Peter Wells was 26, his partner was 18. Because this was England in 1974, when the gay age of consent was 21, Wells was sentenced to two and a half years in jail. There, he was assaulted and abused by guards and inmates alike.
On release from prison he was interviewed by Gay News just as songwriter Tom Robinson was composing Glad To Be Gay. Robinson devoted a verse to Wells' case, and that inspired this biography.
Beyond the man himself, Wells' story illuminates not only our persecution of gay men but other dark areas of our recent past too. His early years were fraught with tragedy, losing two sets of parents before his teens, after which he was sent to the barbarity of a training ship for orphaned and delinquent youths. Damaged youngsters were berated rather than counselled and the Victorian brutalisation of children continued well into modern times. Peter Wells was a victim of it all.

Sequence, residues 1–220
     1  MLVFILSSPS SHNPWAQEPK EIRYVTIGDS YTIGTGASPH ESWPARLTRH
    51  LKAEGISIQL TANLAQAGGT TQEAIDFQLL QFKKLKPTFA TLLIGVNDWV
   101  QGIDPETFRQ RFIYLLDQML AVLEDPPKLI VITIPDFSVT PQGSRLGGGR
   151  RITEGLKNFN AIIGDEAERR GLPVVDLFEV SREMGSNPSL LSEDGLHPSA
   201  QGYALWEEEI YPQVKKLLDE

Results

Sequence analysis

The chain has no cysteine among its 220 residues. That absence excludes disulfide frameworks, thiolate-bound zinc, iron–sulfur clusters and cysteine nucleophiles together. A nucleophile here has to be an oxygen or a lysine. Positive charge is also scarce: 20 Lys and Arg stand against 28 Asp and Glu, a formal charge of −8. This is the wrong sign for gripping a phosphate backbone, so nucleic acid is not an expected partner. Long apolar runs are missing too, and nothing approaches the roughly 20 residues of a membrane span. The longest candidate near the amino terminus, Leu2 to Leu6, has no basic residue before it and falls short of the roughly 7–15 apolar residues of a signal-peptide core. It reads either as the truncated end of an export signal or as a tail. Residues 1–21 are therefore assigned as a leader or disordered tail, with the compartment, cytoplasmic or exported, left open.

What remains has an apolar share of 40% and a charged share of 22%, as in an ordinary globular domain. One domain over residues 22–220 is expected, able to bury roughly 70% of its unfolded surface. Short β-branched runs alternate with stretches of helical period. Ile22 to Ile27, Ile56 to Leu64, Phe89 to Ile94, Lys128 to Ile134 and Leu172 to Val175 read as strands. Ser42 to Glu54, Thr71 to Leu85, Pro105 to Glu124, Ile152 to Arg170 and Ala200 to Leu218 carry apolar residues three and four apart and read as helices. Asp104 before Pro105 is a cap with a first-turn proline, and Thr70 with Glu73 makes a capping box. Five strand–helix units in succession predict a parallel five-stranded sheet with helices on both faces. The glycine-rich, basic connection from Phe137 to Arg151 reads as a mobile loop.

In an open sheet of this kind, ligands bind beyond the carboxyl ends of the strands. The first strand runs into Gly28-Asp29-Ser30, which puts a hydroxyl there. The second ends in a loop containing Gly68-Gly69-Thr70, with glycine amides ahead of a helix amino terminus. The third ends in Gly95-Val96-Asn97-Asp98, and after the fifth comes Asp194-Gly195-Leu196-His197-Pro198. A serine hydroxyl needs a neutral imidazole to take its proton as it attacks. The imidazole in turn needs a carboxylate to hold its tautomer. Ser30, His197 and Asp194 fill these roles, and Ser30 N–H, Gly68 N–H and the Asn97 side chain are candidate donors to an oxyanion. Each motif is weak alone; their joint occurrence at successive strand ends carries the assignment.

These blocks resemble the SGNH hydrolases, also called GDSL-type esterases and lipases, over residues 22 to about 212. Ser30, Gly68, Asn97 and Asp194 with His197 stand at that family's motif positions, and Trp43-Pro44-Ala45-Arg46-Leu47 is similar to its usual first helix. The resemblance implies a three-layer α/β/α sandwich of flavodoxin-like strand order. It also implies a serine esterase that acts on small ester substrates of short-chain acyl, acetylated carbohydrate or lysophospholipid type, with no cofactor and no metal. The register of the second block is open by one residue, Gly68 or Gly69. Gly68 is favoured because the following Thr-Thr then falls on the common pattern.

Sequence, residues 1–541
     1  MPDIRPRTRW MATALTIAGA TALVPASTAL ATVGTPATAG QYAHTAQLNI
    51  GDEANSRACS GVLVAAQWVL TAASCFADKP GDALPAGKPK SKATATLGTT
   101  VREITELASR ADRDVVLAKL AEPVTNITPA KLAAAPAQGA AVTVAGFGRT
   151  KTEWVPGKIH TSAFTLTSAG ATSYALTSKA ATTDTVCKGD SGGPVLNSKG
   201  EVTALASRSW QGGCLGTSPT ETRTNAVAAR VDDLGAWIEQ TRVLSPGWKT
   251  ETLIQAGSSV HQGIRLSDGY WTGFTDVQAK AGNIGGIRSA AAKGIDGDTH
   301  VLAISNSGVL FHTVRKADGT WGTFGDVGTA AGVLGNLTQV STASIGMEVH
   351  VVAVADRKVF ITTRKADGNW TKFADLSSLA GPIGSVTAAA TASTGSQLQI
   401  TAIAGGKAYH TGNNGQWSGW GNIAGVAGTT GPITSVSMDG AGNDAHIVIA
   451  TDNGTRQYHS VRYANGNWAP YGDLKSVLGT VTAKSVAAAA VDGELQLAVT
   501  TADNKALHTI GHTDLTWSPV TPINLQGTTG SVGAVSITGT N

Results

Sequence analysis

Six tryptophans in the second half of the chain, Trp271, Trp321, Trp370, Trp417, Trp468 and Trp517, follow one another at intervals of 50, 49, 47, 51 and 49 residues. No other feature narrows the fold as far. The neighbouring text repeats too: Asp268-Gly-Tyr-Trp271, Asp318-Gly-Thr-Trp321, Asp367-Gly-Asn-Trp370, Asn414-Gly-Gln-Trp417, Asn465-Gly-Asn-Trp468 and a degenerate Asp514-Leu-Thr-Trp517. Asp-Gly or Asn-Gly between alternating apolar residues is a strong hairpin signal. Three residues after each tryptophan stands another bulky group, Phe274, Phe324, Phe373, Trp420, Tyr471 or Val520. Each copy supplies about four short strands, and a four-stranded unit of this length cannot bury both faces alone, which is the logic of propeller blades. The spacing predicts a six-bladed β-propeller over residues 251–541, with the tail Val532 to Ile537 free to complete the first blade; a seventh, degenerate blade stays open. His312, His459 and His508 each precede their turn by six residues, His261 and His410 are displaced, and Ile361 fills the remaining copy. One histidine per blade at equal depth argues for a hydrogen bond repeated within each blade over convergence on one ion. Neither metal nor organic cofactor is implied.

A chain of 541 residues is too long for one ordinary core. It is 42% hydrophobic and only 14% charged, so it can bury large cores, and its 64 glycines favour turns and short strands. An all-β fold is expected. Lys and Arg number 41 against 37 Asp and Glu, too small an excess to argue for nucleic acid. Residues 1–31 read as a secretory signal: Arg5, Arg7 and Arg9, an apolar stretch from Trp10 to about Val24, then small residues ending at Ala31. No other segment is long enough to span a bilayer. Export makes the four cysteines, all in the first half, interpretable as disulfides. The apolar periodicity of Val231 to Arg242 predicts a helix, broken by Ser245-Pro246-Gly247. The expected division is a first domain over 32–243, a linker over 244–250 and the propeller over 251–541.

Living in an affluent Surrey village in the late 1970s, behind his ostentatious social veneer he launched an anonymous case at the European Courts of Human Rights challenging the British government's age discrimination against gay men. It was pioneering work that paved the way for eventual parity. But, scarred by his abusive background, his life veered and he would not live to taste the liberty he initiated.
Trawling archives, tracing and speaking to many people who knew Wells, including the only interview his partner has ever given, this book uncovers the man and the times.